Wednesday, August 4, 2010

Window on Eurasia: Good Laws Alone Won’t Solve Russian Judicial System’s Problems, Satarov Says

Paul Goble

Vienna, August 4 – Legal norms do not define how Russian courts act, according to a three-year study conducted by Moscow’s INDEM Foundation. Instead, the functioning of the courts depends on prosecutors and investigators who will bring pressure to bear on judges in order to ensure that the latter render “correct” verdicts.
Because that is so, Georgy Satarov, INDEM’s president, says improving laws by itself will not solve the problems of the country’s courts. Indeed, he described the widespread “faith in the force of correct laws adopted in a timely fashion” as an example of “juridical fetishism” (
“The functioning [of the Russian judicial system],” he says, “depends on the organs of the prosecution and investigation bodies, the effectiveness of which is rating according to the number of guilty sentences” they are able to secure from the courts. And consequently, people in these institutions will do whatever it takes to secure such sentences.
Tragically, among the arsenal of means to that end these institutions have is the ability to bring charges of corruption against judges. “In order to avoid” such charges, Satarov continues, “the judges most often submit to this pressure,” whatever the law says and whatever the facts of the cases are.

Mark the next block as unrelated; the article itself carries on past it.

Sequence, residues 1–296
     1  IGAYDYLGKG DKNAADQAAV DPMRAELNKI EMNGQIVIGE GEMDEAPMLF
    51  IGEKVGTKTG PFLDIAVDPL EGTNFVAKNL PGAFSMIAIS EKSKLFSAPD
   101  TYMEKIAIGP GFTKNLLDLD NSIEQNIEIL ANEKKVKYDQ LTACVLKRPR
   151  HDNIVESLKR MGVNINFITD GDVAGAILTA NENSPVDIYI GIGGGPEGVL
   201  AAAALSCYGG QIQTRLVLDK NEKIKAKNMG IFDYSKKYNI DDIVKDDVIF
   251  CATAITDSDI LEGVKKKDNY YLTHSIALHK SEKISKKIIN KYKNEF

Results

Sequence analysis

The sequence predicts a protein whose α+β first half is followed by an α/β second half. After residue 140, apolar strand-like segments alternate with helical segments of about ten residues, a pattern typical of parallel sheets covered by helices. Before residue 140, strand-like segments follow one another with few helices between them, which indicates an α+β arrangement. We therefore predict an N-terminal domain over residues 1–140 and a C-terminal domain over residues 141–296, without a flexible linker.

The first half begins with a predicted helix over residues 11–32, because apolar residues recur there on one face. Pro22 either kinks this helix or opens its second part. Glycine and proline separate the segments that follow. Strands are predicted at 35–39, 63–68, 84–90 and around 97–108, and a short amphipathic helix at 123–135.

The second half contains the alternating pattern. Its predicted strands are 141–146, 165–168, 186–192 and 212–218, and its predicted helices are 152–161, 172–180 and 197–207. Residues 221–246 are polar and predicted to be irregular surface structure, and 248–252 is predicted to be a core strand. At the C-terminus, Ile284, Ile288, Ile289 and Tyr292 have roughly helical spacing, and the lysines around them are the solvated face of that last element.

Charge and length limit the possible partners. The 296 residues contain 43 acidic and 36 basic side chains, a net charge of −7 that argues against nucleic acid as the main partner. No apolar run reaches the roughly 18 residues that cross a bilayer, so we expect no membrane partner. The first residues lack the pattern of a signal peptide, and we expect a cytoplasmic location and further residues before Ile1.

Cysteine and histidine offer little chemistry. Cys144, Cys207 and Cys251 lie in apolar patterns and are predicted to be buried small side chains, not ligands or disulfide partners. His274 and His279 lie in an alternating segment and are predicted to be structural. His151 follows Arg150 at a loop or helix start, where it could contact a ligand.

The views of many Russian officials, including President Dmitry Medvedev notwithstanding, Satarov says, the INDEM study shows that “the basic obstacles to the normal functioning of the judicial system are not laws but informal matters” including “informal norms, informal relations, our history, the influence of other institutions, our conscience, and so on.”
Consequently, he continues, efforts to improve the judiciary by laws alone won’t work. Instead, a comprehensive approach is necessary, one that recognizes both the role of formal laws and that of informal relationships and addresses both. Any other course of action will leave the existing system little changed.
And judicial shortcomings are precisely a systemic problem. Those who are illegally putting pressure on the judges to render this or that verdict are themselves under pressure to get convictions, because they know that the conviction rate is how those above them “rate their effectiveness.”
To improve the situation, all these things must be addressed. They work as a system, and there are a lot of them. It is foolish to think, therefore, that coming up with good laws will be sufficient. Obviously, good laws are better than bad ones, but “unfortunately, the adoption of correct norms will not change life itself,” at least not without some help.

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